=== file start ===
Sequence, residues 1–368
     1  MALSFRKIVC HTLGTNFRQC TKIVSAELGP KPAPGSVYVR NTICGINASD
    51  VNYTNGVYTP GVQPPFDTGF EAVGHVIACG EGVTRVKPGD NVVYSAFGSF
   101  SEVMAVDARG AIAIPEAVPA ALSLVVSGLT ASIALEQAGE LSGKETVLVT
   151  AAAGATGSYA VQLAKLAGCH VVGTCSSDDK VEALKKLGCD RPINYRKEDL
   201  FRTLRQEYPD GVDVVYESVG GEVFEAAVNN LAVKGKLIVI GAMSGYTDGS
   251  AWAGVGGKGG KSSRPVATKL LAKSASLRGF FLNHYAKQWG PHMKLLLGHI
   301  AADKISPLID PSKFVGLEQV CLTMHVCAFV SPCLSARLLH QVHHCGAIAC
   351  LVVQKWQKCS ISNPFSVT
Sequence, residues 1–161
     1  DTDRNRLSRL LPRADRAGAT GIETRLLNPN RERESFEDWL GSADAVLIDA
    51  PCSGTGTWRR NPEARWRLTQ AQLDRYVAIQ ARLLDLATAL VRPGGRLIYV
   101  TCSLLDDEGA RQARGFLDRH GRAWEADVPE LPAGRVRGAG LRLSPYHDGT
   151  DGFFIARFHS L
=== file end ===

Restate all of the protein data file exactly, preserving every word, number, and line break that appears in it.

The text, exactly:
Sequence, residues 1–368
     1  MALSFRKIVC HTLGTNFRQC TKIVSAELGP KPAPGSVYVR NTICGINASD
    51  VNYTNGVYTP GVQPPFDTGF EAVGHVIACG EGVTRVKPGD NVVYSAFGSF
   101  SEVMAVDARG AIAIPEAVPA ALSLVVSGLT ASIALEQAGE LSGKETVLVT
   151  AAAGATGSYA VQLAKLAGCH VVGTCSSDDK VEALKKLGCD RPINYRKEDL
   201  FRTLRQEYPD GVDVVYESVG GEVFEAAVNN LAVKGKLIVI GAMSGYTDGS
   251  AWAGVGGKGG KSSRPVATKL LAKSASLRGF FLNHYAKQWG PHMKLLLGHI
   301  AADKISPLID PSKFVGLEQV CLTMHVCAFV SPCLSARLLH QVHHCGAIAC
   351  LVVQKWQKCS ISNPFSVT
Sequence, residues 1–161
     1  DTDRNRLSRL LPRADRAGAT GIETRLLNPN RERESFEDWL GSADAVLIDA
    51  PCSGTGTWRR NPEARWRLTQ AQLDRYVAIQ ARLLDLATAL VRPGGRLIYV
   101  TCSLLDDEGA RQARGFLDRH GRAWEADVPE LPAGRVRGAG LRLSPYHDGT
   151  DGFFIARFHS L